Al Kuelling, 67, a retired engineer trained in physics, wrote two of three proposals on evolution adopted as church policy at the denomination’s 2008 quadrennial national conference this summer in Fort Worth, Texas.
The votes capped a yearslong quest by Kuelling to have the church explicitly recognize evolution as a legitimate foundation of science and acknowledge that it is not at odds with theology.
The votes on the two resolutions that passed weren't even close:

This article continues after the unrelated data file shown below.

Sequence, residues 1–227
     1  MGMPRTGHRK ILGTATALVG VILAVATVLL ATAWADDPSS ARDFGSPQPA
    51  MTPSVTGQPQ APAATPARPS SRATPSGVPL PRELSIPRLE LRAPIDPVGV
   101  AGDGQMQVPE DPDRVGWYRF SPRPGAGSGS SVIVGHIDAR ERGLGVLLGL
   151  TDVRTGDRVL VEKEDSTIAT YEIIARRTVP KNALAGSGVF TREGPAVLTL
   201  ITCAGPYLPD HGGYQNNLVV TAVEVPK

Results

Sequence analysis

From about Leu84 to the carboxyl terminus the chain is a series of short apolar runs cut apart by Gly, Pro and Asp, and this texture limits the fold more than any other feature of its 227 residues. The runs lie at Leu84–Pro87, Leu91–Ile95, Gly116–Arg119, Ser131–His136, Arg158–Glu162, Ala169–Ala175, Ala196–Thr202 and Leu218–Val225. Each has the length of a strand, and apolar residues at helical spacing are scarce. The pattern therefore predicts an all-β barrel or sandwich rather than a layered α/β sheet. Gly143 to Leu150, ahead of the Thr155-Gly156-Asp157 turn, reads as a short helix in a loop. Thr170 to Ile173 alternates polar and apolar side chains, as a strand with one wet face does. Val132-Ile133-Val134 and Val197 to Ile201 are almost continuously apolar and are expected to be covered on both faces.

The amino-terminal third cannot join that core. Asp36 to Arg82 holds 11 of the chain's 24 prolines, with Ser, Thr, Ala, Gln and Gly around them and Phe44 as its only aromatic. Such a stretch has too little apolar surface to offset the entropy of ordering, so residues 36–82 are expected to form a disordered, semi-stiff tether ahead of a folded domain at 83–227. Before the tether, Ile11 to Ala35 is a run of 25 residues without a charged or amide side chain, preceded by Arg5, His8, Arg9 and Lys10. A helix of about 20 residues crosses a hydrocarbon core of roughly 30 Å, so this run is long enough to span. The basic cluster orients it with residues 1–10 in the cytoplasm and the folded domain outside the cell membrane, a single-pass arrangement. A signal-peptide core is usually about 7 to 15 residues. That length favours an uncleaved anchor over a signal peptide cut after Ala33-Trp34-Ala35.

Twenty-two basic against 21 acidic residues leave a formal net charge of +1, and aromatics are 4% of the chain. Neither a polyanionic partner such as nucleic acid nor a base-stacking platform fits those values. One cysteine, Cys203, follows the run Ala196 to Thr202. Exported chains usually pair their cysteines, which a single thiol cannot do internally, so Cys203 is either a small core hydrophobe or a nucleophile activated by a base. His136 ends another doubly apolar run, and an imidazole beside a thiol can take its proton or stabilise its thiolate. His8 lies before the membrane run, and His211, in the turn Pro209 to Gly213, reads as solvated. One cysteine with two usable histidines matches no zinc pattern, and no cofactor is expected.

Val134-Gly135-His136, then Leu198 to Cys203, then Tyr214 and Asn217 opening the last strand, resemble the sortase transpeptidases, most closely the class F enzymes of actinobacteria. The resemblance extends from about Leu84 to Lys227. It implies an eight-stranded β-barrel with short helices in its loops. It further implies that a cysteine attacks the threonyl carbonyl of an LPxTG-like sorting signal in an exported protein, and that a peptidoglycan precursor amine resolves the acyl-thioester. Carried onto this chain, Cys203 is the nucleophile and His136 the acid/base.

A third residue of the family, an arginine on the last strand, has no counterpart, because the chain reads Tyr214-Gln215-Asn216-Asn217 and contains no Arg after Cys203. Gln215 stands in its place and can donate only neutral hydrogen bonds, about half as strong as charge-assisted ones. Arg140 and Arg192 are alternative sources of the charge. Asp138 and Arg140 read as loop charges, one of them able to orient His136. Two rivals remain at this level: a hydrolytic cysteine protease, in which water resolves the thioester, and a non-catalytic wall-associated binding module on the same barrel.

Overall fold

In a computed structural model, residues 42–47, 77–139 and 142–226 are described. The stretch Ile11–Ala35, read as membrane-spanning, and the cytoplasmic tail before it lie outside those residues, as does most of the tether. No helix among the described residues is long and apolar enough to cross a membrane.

One of Kuelling’s proposals amends the Science and Technology section of the church’s Book of Discipline. It was approved by 80 percent of voting delegates.
It now states, in part: “We find that science’s descriptions of cosmological, geological and biological evolution are not in conflict with theology.”
The second proposal, which passed with 96 percent of the vote, was added to the church’s Book of Resolutions. It endorses The Clergy Letter Project led by David Zimmerman, an ecologist and dean of the College of Liberal Arts and Sciences at Butler University in Indianapolis.
The Clergy Letter Project can be found here. A third proposal opposed the teaching of creationism and ID in the public schools. I have already mentioned that one here. Maybe other denominations will follow suit. One can only hope.